Ink in Silverlight is a StrokeCollection object, which contains individual Stroke objects. Each Stroke corresponds to a stylus-down, stylus-move, and stylus-up sequence. A Stroke can be a dot, a straight line, or a curving line. Each Stroke contains a StylusPointCollection object, which contains individual StylusPoint objects. StylusPoint objects are collected when the stylus moves while it is in contact with the digitizer. The Stroke also has characteristics, such as height, width, color, and outline color, all of which are contained in the DrawingAttributes class.

Collecting Ink

You can create or capture strokes programmatically by responding to the events on the InkPresenter. The typical events for doing this are MouseLeftButtonDown, MouseMove and LostMouseCapture.


Use the mouse events to detect actions by a stylus device. MouseLeftButtonDown, MouseMove, and LostMouseCapture events correspond to stylus-down, stylus-move, and stylus-up actions respectively.

The following code example shows how you can collect and display stroke data on the InkPresenter.

Public Sub New()
End Sub

'A new stroke object, MyStroke, is created and is added to the StrokeCollection object
'of the InkPresenter, MyIP
Private Sub MyIP_MouseLeftButtonDown(ByVal sender As Object, ByVal e As MouseEventArgs)
    Dim MyStylusPointCollection As StylusPointCollection = New StylusPointCollection
    NewStroke = New Stroke(MyStylusPointCollection)
End Sub

'StylusPoint objects are collected from the MouseEventArgs and added to MyStroke. 
Private Sub MyIP_MouseMove(ByVal sender As Object, ByVal e As MouseEventArgs)
    If (Not (NewStroke) Is Nothing) Then
    End If
End Sub

'MyStroke is completed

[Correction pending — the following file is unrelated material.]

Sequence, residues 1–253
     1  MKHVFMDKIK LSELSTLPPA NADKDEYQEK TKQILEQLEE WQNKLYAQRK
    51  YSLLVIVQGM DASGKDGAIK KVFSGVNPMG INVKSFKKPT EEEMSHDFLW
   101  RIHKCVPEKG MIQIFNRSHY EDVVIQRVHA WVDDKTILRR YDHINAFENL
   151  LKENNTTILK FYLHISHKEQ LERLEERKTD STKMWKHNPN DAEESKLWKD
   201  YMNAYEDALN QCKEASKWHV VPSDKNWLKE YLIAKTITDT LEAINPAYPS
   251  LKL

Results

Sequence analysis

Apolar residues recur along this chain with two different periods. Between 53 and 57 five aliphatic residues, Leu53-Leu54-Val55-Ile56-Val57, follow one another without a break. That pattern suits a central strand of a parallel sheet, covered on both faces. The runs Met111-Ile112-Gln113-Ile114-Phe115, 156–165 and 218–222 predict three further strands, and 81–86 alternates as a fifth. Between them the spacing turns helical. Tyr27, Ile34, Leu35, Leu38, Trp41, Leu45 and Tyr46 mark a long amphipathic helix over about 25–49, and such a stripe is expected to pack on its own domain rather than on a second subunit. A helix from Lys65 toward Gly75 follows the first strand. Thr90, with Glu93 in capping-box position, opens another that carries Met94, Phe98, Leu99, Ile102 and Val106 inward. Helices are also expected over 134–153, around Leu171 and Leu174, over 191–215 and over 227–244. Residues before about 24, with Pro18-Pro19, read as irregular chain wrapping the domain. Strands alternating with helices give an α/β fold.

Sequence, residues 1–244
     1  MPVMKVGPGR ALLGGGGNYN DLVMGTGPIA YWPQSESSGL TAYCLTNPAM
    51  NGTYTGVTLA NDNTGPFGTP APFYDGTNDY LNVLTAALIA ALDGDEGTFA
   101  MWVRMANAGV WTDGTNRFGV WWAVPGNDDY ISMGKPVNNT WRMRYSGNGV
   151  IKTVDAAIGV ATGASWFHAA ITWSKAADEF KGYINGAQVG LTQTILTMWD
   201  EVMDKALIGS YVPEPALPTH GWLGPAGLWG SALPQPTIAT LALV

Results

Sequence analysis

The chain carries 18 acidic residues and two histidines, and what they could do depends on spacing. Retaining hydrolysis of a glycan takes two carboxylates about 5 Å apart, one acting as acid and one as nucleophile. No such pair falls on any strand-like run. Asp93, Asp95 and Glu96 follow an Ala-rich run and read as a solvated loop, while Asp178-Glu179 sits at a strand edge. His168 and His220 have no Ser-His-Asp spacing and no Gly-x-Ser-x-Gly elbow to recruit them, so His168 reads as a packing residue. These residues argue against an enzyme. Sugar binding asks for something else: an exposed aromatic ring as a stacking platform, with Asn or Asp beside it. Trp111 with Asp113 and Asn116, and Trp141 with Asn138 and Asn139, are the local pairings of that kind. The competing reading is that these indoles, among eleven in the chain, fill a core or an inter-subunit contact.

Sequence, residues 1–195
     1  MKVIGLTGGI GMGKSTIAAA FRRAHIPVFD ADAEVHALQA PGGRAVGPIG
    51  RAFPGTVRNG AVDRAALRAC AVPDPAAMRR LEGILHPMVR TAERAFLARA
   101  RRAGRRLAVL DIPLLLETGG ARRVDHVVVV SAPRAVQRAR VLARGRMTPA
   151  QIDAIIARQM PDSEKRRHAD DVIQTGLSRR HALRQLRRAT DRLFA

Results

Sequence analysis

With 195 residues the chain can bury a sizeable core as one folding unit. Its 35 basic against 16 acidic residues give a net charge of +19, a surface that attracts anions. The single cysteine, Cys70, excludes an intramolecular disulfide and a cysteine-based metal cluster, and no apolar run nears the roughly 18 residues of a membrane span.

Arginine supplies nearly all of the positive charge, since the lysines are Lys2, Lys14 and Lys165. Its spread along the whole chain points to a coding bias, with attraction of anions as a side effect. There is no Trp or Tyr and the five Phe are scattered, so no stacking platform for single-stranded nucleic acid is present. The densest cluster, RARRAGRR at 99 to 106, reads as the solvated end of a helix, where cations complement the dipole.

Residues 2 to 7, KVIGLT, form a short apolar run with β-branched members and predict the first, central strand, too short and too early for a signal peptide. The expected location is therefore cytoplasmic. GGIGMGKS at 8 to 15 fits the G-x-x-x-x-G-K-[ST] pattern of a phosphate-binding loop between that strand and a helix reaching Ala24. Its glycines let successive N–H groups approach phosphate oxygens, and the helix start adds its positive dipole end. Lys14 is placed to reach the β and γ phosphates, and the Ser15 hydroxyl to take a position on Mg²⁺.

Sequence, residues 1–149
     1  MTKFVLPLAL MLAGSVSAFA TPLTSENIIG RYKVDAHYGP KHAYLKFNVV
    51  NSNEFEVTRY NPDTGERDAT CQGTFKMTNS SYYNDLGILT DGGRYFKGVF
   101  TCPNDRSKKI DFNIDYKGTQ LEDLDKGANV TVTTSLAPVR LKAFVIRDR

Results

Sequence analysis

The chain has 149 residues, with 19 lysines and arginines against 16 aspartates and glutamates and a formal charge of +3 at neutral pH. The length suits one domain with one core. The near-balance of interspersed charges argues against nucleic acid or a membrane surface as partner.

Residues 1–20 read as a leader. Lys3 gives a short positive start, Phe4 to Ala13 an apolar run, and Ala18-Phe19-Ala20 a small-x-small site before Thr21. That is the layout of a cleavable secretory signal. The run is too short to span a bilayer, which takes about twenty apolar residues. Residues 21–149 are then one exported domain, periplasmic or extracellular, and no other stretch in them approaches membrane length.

Private Sub MyIP_LostMouseCapture(ByVal sender As Object, ByVal e As MouseEventArgs)
    NewStroke = Nothing
End Sub

'Set the Clip property of the inkpresenter so that the strokes
'are contained within the boundary of the inkpresenter
Private Sub SetBoundary()
    Dim MyRectangleGeometry As RectangleGeometry = New RectangleGeometry
    MyRectangleGeometry.Rect = New Rect(0, 0, MyIP.ActualWidth, MyIP.ActualHeight)
    MyIP.Clip = MyRectangleGeometry
End Sub
public Page()
Stroke NewStroke;

//A new stroke object named MyStroke is created. MyStroke is added to the StrokeCollection of the InkPresenter named MyIP
private void MyIP_MouseLeftButtonDown(object sender, MouseEventArgs e)
    StylusPointCollection MyStylusPointCollection = new StylusPointCollection();
    NewStroke = new Stroke(MyStylusPointCollection);

//StylusPoint objects are collected from the MouseEventArgs and added to MyStroke. 
private void MyIP_MouseMove(object sender, MouseEventArgs e)
    if (NewStroke != null)

//MyStroke is completed
private void MyIP_LostMouseCapture(object sender, MouseEventArgs e)
    NewStroke = null;


//Set the Clip property of the inkpresenter so that the strokes
//are contained within the boundary of the inkpresenter
private void SetBoundary()
    RectangleGeometry MyRectangleGeometry = new RectangleGeometry();
    MyRectangleGeometry.Rect = new Rect(0, 0, MyIP.ActualWidth, MyIP.ActualHeight);
    MyIP.Clip = MyRectangleGeometry;

In the previous example, when the InkPresenter element receives a MouseLeftButtonDown event, a new Stroke object is created and added to the StrokeCollection object of the InkPresenter element. When the stylus moves while in contact with the screen, the MouseMove event is called and StylusPoint objects are collected and added to that Stroke. When the LostMouseCapture event is raised, the Stroke created is completed.

Run this sample

See Also